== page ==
Matthew J. Matasar, MD, discusses the prospect of using minimal residual disease to guide treatment decisions in mantle cell lymphoma.
Alexey V. Danilov, MD, PhD: I hear a lot about minimal residual disease [MRD]. I also see a lot of patients with CLL [chronic lymphocytic leukemia]. There we have a plethora of studies which test for MRD [minimal residual disease]. Matt, can you tell us about MRD in mantle cell lymphoma?
Matthew J. Matasar, MD: Everyone’s excited about MRD. The spectrum of B-cell lymphoma has us all trying to understand how we can leverage MRD to better serve our patients. In mantle cell lymphoma, for me, it’s not nearly as clear as it is in CLL. You could go about this 2 different ways. Hypothetically, you could say that we want to use MRD to de-intensify treatment. Patients respond. They don’t only have a great PET [positron emission tomography] response, [but] I can’t even find any MRD in their blood or even in their bone marrow, so I’m going [to] shorten treatment. I’m going to de-intensify treatment. I’m going to respond to that excellent response in turn by limiting my therapy.
Is there any evidence that we can do that in mantle cell lymphoma right now? I would say it’s mixed. We see that patients can have time-limited therapy driven by MRD end points and enjoy reasonably good outcomes afterward. What we don’t yet know is whether you should be prospectively using that to choose the duration of treatment or the intensity of treatment. There was [an] interesting signal this year at ASH that using such an approach to determine whether to continue rituximab maintenance may do a disservice to the patients. The patients who were MRD negative enjoyed the greatest benefit from the relatively less toxic rituximab maintenance strategy. I’m not so sure the picture is as clear in mantle cell [lymphoma] as in other disease states. We need to learn more.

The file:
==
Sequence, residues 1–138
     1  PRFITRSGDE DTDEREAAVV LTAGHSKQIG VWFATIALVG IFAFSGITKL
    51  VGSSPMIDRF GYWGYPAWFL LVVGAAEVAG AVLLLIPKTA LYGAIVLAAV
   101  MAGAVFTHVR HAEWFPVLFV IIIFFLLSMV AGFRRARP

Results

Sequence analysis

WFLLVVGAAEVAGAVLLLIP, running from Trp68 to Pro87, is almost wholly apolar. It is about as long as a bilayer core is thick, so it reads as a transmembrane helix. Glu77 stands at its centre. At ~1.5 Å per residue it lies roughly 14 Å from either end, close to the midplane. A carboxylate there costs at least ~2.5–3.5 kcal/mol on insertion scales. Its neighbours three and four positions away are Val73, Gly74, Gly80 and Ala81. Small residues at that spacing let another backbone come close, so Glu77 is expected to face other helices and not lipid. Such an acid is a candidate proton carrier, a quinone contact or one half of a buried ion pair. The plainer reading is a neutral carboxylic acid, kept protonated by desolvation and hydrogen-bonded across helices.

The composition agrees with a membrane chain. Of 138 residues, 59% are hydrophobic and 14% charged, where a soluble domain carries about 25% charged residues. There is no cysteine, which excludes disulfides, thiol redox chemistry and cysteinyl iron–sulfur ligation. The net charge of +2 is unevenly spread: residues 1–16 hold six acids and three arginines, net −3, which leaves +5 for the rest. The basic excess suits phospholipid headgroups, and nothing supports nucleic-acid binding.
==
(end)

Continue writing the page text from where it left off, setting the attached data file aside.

Alexey V. Danilov, MD, PhD: Boyu, do you think MRD for mantle cell [lymphoma] will be used in the community with success?
Boyu Hu, MD: Yes, I think it’ll be mixed. Some community doctors would love to use it just to be able to offer more time-limited therapy. That is where the field is headed, to not use BTK inhibitors forever and maybe doing combinations, so we know which was more effective. As Matt said, we don’t know the clinical significance of MRD in mantle cell [lymphoma] right now, so it’s tough to make any clinical decisions. There will be other community physicians who will be comfortable [saying,] if the patient is doing well on a therapy, why not just continue on therapy indefinitely? The uptake will be mixed.
Alexey V. Danilov, MD, PhD: Thank you.
Transcript edited for clarity.